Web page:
Killer tornadoes 'rip US states apart'
Killer tornadoes 'rip US states apart', Emergency Declared As Tornadoes Kill 12 In US, Strong storms have obliterated homes and businesses in the US Midwest, killing at least 12 people. At least 12 people are dead after tornadoes tore across six states in the US Midwest, obliterating homes and businesses. Six of the victims were killed when a house was lifted up and fell on them as the powerful storms ripped through the city of Harrisburg, Illinois .
Television images from the town, which has a population of around 10,000, showed collapsed buildings and overturned trucks, with mattresses and other debris caught in tree branches.
"(The tornado) cut a path of destruction that was just devastating," Harrisburg mayor Eric Gregg told CNN.
"There are semis toppled, cars thrown into lakes, and everything else. It's nothing like I've ever seen and hope to never see again," Mr Gregg said.
A Walmart and another shopping centre were smashed, an apartment building was hit and a hospital was damaged. The city sustained millions of dollars in damage, the mayor said.
The severe weather swept into Tennessee overnight, killing one person in Cumberland County and one in DeKalb County, a Tennessee emergency official and an ambulance director said.
Three more people were killed in Missouri when suspected twisters struck several mobile home parks.
A man in Stoddard County in southeast Missouri was killed when his mobile home was destroyed. His wife was severely injured.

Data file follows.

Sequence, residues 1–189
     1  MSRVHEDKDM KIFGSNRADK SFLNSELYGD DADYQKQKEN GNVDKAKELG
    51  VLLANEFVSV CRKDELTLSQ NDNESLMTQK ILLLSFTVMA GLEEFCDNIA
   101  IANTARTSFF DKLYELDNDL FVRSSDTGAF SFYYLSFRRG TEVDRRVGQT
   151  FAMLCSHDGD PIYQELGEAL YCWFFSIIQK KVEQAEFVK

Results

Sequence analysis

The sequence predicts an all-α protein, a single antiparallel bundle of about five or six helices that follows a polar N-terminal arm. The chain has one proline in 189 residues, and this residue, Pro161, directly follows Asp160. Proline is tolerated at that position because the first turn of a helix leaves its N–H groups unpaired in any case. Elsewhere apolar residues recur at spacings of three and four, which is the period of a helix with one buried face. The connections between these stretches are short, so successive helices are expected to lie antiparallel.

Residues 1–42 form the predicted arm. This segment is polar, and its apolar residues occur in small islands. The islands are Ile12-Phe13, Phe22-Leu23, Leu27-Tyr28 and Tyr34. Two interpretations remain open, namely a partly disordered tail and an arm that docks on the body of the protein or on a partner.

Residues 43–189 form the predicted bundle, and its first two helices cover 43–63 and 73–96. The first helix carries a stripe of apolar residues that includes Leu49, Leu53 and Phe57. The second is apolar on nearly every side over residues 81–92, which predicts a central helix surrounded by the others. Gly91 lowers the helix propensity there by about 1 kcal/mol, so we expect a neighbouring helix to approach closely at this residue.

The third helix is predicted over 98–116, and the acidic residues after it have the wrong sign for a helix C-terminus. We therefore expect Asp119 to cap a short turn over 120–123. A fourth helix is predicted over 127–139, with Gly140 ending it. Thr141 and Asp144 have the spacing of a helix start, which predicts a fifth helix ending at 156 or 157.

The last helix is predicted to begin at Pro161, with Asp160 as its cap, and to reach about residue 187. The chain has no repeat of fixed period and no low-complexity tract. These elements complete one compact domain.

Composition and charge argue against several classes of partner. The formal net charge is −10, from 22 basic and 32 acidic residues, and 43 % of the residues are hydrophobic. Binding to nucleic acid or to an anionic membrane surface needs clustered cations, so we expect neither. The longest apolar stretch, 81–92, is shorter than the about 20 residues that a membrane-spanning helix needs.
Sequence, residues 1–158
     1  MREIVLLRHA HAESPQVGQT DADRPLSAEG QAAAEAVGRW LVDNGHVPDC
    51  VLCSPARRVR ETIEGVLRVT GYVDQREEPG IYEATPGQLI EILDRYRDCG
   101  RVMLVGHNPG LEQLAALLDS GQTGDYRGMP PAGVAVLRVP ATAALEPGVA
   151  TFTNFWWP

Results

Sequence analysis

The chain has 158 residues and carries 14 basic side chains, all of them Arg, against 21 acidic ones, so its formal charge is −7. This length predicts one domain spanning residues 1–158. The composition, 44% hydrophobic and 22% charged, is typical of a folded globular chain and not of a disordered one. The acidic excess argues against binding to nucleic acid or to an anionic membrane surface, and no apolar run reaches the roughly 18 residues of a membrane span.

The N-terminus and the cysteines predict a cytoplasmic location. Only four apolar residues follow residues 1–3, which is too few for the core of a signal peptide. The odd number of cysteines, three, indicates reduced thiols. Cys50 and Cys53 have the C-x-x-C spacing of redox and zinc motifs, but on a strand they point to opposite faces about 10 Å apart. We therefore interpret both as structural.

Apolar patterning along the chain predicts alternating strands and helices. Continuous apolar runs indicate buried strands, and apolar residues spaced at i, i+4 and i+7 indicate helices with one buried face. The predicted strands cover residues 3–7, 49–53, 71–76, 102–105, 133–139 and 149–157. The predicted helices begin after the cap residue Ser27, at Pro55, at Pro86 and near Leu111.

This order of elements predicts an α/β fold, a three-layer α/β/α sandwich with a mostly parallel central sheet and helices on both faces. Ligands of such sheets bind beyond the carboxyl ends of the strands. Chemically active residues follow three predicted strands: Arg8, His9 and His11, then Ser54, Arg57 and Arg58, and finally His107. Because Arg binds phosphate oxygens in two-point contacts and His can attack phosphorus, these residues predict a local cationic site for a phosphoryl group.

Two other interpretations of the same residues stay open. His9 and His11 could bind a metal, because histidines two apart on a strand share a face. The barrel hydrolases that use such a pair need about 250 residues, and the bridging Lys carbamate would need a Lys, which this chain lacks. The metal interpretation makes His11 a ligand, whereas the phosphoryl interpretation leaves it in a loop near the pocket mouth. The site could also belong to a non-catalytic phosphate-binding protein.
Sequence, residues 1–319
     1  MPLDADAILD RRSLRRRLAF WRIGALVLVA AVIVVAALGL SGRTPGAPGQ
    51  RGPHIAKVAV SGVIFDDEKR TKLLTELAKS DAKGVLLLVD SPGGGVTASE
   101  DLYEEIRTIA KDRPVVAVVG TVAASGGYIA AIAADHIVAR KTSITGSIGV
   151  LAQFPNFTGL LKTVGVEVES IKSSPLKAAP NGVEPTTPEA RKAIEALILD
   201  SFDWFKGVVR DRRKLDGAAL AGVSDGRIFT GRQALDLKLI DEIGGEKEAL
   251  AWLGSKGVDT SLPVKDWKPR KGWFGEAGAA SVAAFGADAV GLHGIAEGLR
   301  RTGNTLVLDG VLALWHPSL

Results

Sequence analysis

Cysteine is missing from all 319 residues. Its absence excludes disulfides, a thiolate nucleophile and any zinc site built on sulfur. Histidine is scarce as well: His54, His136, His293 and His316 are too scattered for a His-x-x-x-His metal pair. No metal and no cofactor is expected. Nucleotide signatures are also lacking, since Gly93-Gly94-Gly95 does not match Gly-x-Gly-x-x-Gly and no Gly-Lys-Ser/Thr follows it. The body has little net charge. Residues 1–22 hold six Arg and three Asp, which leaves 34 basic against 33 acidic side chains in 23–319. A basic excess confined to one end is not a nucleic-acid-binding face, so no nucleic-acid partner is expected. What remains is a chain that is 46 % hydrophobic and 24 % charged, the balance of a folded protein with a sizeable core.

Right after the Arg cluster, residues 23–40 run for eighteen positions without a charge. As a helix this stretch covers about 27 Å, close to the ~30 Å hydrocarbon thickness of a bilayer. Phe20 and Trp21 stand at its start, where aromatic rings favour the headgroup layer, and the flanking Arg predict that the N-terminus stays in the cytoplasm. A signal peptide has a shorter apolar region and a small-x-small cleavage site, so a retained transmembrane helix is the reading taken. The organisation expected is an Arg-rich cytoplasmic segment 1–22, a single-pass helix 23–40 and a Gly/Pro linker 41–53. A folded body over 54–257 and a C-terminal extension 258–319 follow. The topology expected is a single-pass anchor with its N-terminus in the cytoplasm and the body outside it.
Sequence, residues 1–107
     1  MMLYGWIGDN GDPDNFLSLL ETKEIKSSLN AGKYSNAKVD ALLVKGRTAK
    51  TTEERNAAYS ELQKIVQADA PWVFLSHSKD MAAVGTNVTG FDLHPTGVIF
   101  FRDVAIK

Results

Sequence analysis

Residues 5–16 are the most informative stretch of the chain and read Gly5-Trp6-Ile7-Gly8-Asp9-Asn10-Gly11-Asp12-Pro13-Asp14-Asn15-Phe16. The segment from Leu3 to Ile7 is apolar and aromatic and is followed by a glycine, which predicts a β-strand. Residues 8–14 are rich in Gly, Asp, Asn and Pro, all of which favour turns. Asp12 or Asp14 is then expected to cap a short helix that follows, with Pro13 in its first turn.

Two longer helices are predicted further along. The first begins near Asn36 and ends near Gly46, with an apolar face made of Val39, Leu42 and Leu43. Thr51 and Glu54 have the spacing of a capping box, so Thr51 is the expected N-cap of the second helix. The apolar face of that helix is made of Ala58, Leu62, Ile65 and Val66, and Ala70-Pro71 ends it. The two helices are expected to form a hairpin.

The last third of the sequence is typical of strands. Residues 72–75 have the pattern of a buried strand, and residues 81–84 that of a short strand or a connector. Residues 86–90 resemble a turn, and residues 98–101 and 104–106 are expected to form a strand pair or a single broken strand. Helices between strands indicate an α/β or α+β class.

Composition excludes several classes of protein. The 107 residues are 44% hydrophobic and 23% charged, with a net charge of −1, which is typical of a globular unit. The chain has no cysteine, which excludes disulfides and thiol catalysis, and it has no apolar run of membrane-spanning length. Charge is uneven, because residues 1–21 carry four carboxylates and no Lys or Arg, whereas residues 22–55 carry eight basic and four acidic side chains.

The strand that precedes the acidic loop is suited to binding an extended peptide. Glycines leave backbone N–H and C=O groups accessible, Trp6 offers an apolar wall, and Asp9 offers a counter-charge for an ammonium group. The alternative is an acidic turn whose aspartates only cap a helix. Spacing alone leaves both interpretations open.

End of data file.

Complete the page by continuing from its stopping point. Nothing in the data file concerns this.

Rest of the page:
"It looks like it just exploded," an emergency services official said of the couple's home.
The governors of Illinois, Missouri and Kansas declared emergencies.
The severe weather tracked through Nebraska, Kansas, Missouri, Illinois, Indiana, and Kentucky, according to the National Weather Service.
The Weather Service said there had been preliminary reports of 18 tornadoes, with winds of up to 200mph, touching down across the region since late Tuesday.
Forecasters said there was no relief in sight as the stormy weather headed east to the Mid-Atlantic states and parts of the Southeast.
There were tornado watches issued for parts of Mississippi, Alabama, Tennessee, Kentucky, Virginia, West Virginia and Ohio.
Last year, tornado outbreaks caused 550 US deaths, one of the deadliest in the nation's history and the most in nearly a century, according to the Weather Service.
The highest death tolls were from an April outbreak in Alabama and Mississippi that claimed 364 lives, and a tornado in Joplin, Missouri, on May 22 that killed 161 people.
Twisters caused \$28.7bn (£18bn) in damage last year, according to the US National Climatic Data Centre .
There had been two tornado-related deaths in 2012 before Tuesday, both in Alabama on January 23.